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AbstractIntense gully erosion has sculptured remarkable channels into the Moldavian Plateau of eastern Romania, especially in its most representative subunit, the Bârlad Plateau covering >8000 km2. The permanent gully types are: (1) discontinuous gullies, mostly located on hillslopes and (2) large continuous gullies in valley bottoms. This study seeks to improve our understanding of the development of discontinuous gullies over variable time-scales (mostly 17–30 years, but also including data collected since 1961) by providing quantitative information on gully evolution and processes. Several methods were used to accurately measure and estimate gully growth. These include intensive field monitoring between 1978 and 2000 using the ‘stakes grid method,’ repeated levelling until 2019, analysis of aerial photographs and Caesium-137 analysis. The discontinuous gullies occur as single, successive (chains) or clusters. These are associated with small catchments (usually <100 ha in area) and ephemeral peak runoff discharges are usually ≤2 m3 s−1. The ‘hydraulic radius at bankfull-channel’ tended to decrease downstream of the gully head, accompanied by a gradual increase in gully bottom width. A salient tendency observed during major runoff events was for the hydraulic radius of the flow to progressively decrease downslope, accompanied by decreasing sedimentation rates on gully floors. The mean linear gully head retreat for 31 gullies was 0.97 m yr−1, indicative of a relatively slow erosion rate. However, their ‘pulsatory’ development was mostly controlled by runoff accommodation when runoff enters and is conveyed through a gully. We especially discuss the changing runoff pattern or ‘variable-geometry flow.’ The R2 of the association between linear gully head retreat or areal gully growth and catchment area indicated a weak correlation for discontinuous gullies.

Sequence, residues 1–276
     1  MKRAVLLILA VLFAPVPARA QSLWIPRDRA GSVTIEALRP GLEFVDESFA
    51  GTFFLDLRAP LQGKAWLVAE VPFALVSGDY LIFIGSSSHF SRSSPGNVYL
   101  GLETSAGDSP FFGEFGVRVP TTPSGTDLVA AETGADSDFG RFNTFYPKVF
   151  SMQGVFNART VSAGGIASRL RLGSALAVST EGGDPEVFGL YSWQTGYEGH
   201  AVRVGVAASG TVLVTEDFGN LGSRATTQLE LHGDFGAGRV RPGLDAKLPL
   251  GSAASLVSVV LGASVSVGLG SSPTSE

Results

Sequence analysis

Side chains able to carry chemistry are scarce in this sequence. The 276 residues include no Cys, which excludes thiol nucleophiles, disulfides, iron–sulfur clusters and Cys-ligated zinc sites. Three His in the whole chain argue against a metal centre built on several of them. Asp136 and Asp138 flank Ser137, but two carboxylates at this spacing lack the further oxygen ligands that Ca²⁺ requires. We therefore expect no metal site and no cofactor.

CitationIoniță, I., Niacșu, L., Poesen, J. and Fullen, M.A. (2021) Medium-term development of discontinuous gullies. Geomorphology, 398, 108024.
Description© 2021 The Authors. Published by Elsevier. This is an open access article available under a Creative Commons licence. The published version can be accessed at the following link on the publisher’s website: https://doi.org/10.1016/j.geomorph.2021.108024
Except where otherwise noted, this item's license is described as https://creativecommons.org/licenses/by-nc-nd/4.0/